Early this month the White House announced the establishment of the first White House Rural Council. The Council is charged with building on the Obama Administration’s rural economic strategy by developing and coordinating programs to promote rural prosperity.
The Council, under the chairmanship of Secretary of Agriculture Tom Vilsack, will make recommendations regarding investment in rural areas and coordinate Federal engagement of rural stakeholders, including agricultural organizations, small businesses, and local and state governments.
The Council is expected to focus on the following key factors and strategies for rural growth:
- Jobs: Improve job training and workforce development in rural America
- Agriculture: Expand markets for agriculture, including regional food systems and exports
- Access to Credit: Increase opportunity by expanding access to capital in rural communities and fostering local investment
- Innovation: Promote the expansion of biofuels production capacity and community based renewable energy projects
- Networks: Develop high-growth regional economies by capitalizing on inherent regional strengths
- Health Care: Improve access to quality health care through expansion of health technology systems
- Education: Increase post-secondary enrollment rates and completion for rural students
- Broadband: Support the President’s plan to increase broadband opportunities in rural America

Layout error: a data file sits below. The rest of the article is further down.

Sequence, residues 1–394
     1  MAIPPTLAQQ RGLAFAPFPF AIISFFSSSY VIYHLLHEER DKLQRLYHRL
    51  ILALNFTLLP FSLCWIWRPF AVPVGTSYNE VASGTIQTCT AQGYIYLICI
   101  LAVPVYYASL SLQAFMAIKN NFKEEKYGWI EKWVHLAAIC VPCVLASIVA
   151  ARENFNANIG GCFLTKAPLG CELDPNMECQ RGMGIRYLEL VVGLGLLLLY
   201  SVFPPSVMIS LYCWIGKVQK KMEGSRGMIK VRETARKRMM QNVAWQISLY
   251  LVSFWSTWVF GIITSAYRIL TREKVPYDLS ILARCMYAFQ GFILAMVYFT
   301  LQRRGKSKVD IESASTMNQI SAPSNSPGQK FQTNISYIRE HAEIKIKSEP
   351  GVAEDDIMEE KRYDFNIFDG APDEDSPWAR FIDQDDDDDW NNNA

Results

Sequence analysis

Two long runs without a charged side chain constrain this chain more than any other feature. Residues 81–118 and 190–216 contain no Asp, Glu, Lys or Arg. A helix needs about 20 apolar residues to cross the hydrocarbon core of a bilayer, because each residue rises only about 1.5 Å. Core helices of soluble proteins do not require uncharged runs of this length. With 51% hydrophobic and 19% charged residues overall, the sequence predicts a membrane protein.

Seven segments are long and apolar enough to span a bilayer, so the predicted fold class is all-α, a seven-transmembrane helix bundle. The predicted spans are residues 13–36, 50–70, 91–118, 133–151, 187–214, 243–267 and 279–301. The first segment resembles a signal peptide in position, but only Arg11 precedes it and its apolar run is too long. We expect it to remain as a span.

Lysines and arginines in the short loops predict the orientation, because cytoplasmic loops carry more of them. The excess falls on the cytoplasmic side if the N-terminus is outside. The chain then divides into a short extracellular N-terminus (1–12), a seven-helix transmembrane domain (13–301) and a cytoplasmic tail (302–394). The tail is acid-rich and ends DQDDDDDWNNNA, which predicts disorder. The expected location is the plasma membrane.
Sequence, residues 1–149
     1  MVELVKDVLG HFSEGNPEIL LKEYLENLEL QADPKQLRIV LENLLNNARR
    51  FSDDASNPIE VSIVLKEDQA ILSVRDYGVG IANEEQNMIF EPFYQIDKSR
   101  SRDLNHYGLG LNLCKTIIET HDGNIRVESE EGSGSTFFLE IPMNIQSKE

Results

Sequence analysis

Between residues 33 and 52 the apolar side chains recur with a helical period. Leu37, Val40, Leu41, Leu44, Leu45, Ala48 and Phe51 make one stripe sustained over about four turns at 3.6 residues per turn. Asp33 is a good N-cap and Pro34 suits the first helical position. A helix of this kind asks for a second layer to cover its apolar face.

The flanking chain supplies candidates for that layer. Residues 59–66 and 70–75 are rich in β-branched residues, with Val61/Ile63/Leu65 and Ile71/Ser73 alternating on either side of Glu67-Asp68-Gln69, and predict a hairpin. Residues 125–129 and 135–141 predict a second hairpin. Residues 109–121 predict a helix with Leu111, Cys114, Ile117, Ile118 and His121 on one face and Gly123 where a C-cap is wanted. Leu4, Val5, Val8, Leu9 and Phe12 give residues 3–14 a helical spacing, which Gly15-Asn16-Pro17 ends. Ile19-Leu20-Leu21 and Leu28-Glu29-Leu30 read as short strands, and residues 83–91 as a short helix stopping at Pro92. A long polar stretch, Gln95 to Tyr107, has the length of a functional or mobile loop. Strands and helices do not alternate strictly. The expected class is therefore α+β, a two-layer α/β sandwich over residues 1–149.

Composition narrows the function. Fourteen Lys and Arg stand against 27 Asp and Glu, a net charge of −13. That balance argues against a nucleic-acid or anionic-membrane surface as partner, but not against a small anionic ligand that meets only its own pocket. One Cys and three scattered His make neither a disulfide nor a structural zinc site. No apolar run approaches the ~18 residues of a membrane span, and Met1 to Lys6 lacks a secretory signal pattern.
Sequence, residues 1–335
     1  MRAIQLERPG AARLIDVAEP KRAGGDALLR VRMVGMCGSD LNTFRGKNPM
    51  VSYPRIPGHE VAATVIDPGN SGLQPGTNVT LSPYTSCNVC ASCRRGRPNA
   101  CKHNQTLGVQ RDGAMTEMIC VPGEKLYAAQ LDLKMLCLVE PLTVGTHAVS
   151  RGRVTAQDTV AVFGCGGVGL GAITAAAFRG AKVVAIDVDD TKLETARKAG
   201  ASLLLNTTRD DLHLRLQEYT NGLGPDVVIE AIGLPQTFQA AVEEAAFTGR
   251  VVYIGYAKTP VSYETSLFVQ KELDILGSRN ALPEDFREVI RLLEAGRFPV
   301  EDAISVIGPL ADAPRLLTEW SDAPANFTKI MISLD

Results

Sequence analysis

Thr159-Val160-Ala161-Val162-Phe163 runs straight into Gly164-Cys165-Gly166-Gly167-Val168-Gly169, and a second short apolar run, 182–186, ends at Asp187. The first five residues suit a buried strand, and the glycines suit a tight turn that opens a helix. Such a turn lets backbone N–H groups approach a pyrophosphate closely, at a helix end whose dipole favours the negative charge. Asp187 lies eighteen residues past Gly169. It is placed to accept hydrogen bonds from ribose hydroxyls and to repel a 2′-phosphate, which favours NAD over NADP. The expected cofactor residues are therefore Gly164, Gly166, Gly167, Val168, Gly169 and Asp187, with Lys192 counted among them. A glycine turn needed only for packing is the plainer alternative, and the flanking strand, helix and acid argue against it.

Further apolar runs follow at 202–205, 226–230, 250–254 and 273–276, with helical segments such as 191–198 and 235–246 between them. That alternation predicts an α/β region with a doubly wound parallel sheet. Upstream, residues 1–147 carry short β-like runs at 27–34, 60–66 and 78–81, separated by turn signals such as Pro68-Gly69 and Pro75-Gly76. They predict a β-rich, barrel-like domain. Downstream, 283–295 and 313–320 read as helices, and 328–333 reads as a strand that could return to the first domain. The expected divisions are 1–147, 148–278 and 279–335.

- Infrastructure: Coordinate investment in critical infrastructure
- Ecosystem markets: Expanding opportunities for conservation, outdoor opportunities and economic growth on working lands and public lands
Although not explicitly addressed in the White House statement, several experts have pointed out that the formation of the Council coincides with current discussions to move rural housing programs out of the USDA into HUD. HUD is one of 23 agencies comprising the Council. The House Financial Services Subcommittee on Insurance, Housing and Community Opportunity is considering the shift, although some rural housing advocates have expressed concern about HUD’s capacity and expertise for managing rural housing issues.
The Executive Order does not mention objectives related to increasing rural philanthropic resources. Recently an idea for Federal subsidization of rural community foundation endowment building started developing among the Council on Foundations and various Capitol Hill leaders. The concept emerged in response to the longstanding critique that national foundations have not invested in rural communities. The Rural Philanthropy Growth Act, as it’s being called, would create a public initiative to build endowments in rural communities, and involve philanthropists in public education and engagement to expand and protect rural resources.
For Rick Cohen’s analysis of how the Federal government/rural philanthropy program might play out, visit the Nonprofit Quarterly. You can read the Executive Statement (PDF) establishing the White House Rural Council here.